I think whether a candidate knows regex or not is irrelevant for a programming position, it is useful skill to know but if the developer knows the more important skills like software design patterns, oop, platform knowledge etc then I am confident he can learn regular expressions as well. OTOH if he has never heard of regular expressions then this IMO, shows a certain mindset that may disqualify him in my eyes.

Anders K.

Absolutely NOT because he or she would most definitely NOT be a Vim user!

Just be sure, ask them to solve the Monty Hall Problem.


Absolutely, if s/he can show good programming aptitude. After all, ain't that what you are looking for? How long it takes to learn the regex? A programmer may know nothing about regex, yet could be brilliant programmers, and not necessarily otherwise. And people who rely on regex to filter out candidates are somehow unbelievably foolish in my opinion. Sorry.

+2  A: 

I think many answers are missing the point. It's not that RegEx is necessary for the immediate job. It's that it demonstrates well-rounded knowledge and curiosity of a powerful and broadly useful tool.

+1  A: 


I do know regular expressions to certain extent but by no means an expert. Knowing or not knowing regular expressions shouldnt be the absolute yardstick for your hiring decision.Thirst for knowledge should be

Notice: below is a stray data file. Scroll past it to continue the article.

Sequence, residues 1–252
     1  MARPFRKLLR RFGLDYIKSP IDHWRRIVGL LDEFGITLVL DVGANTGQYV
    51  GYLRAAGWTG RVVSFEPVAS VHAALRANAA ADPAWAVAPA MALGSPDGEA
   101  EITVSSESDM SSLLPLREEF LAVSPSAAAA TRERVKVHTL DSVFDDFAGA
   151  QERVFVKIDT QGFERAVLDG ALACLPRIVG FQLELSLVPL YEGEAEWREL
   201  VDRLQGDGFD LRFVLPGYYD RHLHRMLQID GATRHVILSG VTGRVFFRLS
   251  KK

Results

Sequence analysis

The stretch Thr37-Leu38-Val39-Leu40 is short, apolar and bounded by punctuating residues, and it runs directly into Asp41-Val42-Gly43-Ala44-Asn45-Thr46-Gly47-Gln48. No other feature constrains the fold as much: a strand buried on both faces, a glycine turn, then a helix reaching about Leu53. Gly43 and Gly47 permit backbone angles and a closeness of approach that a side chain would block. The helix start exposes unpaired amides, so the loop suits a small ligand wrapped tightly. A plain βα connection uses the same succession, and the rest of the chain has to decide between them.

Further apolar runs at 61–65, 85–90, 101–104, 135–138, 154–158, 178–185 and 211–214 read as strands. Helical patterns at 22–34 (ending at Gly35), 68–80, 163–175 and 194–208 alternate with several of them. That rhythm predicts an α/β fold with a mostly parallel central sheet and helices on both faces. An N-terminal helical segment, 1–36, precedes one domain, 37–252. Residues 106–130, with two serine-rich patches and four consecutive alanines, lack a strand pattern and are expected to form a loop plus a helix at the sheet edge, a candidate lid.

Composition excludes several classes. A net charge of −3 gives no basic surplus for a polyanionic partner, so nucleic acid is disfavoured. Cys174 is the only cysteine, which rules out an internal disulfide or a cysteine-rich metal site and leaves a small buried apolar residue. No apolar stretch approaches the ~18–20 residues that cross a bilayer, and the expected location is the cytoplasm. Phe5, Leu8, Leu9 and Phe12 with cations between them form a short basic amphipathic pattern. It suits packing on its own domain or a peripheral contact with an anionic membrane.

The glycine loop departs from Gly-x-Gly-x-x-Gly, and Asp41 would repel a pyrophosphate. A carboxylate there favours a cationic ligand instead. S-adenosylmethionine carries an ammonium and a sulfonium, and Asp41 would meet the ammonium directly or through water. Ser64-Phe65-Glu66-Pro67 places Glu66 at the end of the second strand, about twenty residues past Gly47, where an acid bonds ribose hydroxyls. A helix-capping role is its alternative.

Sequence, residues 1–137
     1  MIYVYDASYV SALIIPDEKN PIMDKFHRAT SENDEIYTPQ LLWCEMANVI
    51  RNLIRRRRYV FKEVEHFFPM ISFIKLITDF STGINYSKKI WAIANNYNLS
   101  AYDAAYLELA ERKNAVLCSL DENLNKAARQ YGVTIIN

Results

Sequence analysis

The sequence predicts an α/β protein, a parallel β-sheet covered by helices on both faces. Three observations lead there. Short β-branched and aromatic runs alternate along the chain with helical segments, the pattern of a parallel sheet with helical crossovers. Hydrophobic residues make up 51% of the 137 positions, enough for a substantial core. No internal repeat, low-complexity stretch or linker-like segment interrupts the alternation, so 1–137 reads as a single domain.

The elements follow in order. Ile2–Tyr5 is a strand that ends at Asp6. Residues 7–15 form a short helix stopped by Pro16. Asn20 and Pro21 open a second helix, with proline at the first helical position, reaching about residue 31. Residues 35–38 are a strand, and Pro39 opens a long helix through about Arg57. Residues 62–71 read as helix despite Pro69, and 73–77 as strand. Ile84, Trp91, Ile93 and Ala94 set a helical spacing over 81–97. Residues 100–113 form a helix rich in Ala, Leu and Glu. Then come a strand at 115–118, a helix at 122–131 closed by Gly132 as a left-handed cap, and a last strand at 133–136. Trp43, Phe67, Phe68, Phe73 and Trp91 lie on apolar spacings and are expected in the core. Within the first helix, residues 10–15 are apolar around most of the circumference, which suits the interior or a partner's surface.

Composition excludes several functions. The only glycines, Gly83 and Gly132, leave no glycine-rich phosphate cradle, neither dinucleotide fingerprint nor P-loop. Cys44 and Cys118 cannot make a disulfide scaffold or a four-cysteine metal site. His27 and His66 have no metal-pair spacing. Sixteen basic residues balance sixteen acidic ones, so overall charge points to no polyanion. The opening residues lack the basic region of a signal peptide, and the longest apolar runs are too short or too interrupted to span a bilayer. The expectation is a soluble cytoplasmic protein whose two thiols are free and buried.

Once on a mailing list a user responded to a question of extracting element from a xml file using regular expressions . I looked at it and imediately asked why not use some of the xml xpath constructs available in that langauge to parse the xml. All the experts agreed

You should look for wholistic qualities when hiring someone.

regards Edwards

+2  A: 

I think RegEx is good indicator of how much someone cares about programming. I have co-workers that dont know it, but they also dont know how to write clean code or how the programming language we are using really works(sometimes Im shocked by the stuff they dont know). RegEx is never used as keyword on job adds, so RDD programmers wont learn it. I think every programmer that cares about getting better will at least try RegEx.

+1  A: 

I might if it was a junior-level position, but probably not otherwise. I consider regular expressions to be more than just a useful tool - they also play a key role in formal languages and the theory of computation. A good engineer should know about both perspectives, practical and theoretical.

(An interviewer once asked me "What is a regular expression?" I replied "A finite state automata". He said "What's that?". I didn't get the job --- probably just as well, too.)

James Farrell

it depends

if you have to equally matched programmers in all areas, but one understands how regular expressions work - sure, take him

but keep in mind that programming isnt just about mathematics - its about problem solving and 'chunking' a big task into smaller pieces

-- LM


In the past ... no I wouldn't, because how would they be able to use ed efficiently? :)

Larry Watanabe
+1  A: 

Yes, if I feel that he has a strong learning capability.